Where do we go now?

The new government faces serious economic challenges. The list is quite long, and sadly quite familiar. The immediate challenge will be unwinding the power and fuel subsidies announced by Imran Khan a few weeks ago. This alone can send the price of petrol soaring well past Rs 200 per litre, with all the attendant consequences on inflation. Rising inflation will put pressure on the central bank to raise interest rates, which in turn will hit state finances with higher debt service costs as well as putting the brakes on economic growth. The story is the same with power tariffs, where further hikes will become necessary, hitting household budgets, raising the costs of doing business for industry and also putting the brakes on economic growth.

But beyond the immediate decisions, the biggest challenge for the new government will be to seek a resumption of the stalled IMF program and arrest the protracted decline in the foreign exchange reserves. Despite an injection of more than $6 billion since August of last year, the reserves have fallen continuously month after month. They were sufficient to finance well more than three months of imports last summer, but now they risk falling below even two months of import cover by June if the decline is not arrested rapidly. Moreover, almost two thirds of the $6 billion injected into the reserves since August is borrowed money, much of it short term, such as the $2 billion deposit from Saudi Arabia arranged in December of 2021. The room to borrow is severely curtailed given how sharply public debt, especially external debt, has risen over the past three years, and the stalled IMF program.

There will be only one way to arrest this trend: kill the growth rate and devalue the currency. Petrol is not the only thing that will be soaring past the Rs200 mark. Treasury heads of major banks anticipate the dollar soaring past that mark too, although it is not clear by when this threshold could be crossed. Already the exchange rate is seeing tremendous pressure as the current account deficit hit $12 billion in the July to February period alone. The State Bank has been anticipating a CAD of $13 billion for the full fiscal year, so clearly this target is now set to be breached significantly, regardless of what steps the new government takes in the remaining three months of the fiscal year.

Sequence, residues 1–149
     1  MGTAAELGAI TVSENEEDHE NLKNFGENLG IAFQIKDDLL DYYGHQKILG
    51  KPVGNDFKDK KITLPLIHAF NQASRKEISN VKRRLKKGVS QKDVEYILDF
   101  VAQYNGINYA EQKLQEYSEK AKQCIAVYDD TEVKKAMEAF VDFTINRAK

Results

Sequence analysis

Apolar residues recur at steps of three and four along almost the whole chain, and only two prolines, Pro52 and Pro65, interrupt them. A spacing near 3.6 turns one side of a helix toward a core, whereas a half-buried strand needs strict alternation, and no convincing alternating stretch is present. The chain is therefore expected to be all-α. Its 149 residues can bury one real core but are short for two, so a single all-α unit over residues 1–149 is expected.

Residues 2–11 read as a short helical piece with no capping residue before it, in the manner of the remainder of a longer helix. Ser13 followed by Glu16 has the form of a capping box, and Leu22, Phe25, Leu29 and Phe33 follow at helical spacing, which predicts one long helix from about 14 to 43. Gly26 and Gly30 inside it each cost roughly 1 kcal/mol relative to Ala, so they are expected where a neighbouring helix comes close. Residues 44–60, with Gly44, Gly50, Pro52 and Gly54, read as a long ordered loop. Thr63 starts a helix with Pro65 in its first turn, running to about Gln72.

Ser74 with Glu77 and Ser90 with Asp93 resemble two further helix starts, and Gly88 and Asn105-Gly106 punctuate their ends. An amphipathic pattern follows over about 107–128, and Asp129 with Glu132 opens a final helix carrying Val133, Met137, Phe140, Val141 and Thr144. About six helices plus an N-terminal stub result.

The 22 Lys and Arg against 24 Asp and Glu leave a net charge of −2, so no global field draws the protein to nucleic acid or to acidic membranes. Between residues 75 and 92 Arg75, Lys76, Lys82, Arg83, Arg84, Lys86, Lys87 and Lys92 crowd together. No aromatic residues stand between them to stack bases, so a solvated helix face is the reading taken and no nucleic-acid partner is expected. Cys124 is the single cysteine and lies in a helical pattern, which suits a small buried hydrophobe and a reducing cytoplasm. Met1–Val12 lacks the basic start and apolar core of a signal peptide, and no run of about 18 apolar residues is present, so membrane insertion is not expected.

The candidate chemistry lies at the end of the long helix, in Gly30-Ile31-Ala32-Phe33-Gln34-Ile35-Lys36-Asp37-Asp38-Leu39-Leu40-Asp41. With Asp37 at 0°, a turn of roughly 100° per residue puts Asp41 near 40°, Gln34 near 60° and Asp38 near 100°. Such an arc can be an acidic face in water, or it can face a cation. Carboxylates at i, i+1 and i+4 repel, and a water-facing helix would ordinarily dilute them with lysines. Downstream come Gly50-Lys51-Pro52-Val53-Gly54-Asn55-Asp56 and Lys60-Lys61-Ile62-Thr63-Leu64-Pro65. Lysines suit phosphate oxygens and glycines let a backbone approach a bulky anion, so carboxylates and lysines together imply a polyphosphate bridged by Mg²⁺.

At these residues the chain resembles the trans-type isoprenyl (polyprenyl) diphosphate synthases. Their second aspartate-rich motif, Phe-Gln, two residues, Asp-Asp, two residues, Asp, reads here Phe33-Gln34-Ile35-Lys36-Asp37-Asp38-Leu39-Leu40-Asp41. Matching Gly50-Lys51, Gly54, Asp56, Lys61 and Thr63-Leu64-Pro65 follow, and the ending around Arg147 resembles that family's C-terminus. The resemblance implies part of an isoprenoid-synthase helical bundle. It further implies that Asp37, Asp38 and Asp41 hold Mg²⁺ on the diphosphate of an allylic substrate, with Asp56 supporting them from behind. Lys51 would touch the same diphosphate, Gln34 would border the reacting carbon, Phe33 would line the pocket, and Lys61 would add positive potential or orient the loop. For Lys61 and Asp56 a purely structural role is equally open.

The new government is going to find that large subsidies and equally large interventions from the State Bank have been propping up prices of fuels as well as the exchange rate. It is almost certain that these props will have to be withdrawn as part of the resumption of the fund program, but even in the absence of that, it is seriously doubtful the government will be able to continue with these for very long. The inflationary jolt that the removal of these props will administer to the economy should not be underestimated.

Beyond these challenges there loom the mounting losses of the public sector enterprises with their resultant claims on government finances. And then the circular debt that has crossed Rs2.5 trillion with no signs of abating any time soon. And now the gas sector is seeing a similar build up of receivables. Loadshedding has returned to vast swathes of the country as power generation plunges due to mismanagement of the LNG supply chain, and a period of protracted gas shortages loom. And to top it off, the country is also looking at the prospect of wheat shortages by the summer months.

Profit takes a closer look at some of these pressures in this special edition this week, and the emerging picture is not a pretty one. The new government will have very little time in which to find its feet and will have to take very difficult decisions quickly. It will also be sitting atop an unwieldy coalition and will have to face a formidable opposition in Imran Khan who is determined to not go out gracefully. The country now faces a very serious situation, with the only consolation being that we have faced heavier odds in the past. That does not make the job any easier though. Nobody should harbor any illusions that with the change of government better times will return.

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